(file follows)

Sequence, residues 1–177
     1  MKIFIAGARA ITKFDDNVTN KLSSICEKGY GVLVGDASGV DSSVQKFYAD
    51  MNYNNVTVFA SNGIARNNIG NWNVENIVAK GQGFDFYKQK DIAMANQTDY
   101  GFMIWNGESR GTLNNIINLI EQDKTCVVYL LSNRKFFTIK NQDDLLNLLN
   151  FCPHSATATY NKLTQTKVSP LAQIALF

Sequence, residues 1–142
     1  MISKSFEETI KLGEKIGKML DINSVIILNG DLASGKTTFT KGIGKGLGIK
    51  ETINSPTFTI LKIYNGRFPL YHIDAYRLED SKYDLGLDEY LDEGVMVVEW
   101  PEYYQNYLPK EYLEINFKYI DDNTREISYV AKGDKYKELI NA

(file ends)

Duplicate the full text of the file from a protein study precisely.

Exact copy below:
Sequence, residues 1–177
     1  MKIFIAGARA ITKFDDNVTN KLSSICEKGY GVLVGDASGV DSSVQKFYAD
    51  MNYNNVTVFA SNGIARNNIG NWNVENIVAK GQGFDFYKQK DIAMANQTDY
   101  GFMIWNGESR GTLNNIINLI EQDKTCVVYL LSNRKFFTIK NQDDLLNLLN
   151  FCPHSATATY NKLTQTKVSP LAQIALF

Sequence, residues 1–142
     1  MISKSFEETI KLGEKIGKML DINSVIILNG DLASGKTTFT KGIGKGLGIK
    51  ETINSPTFTI LKIYNGRFPL YHIDAYRLED SKYDLGLDEY LDEGVMVVEW
   101  PEYYQNYLPK EYLEINFKYI DDNTREISYV AKGDKYKELI NA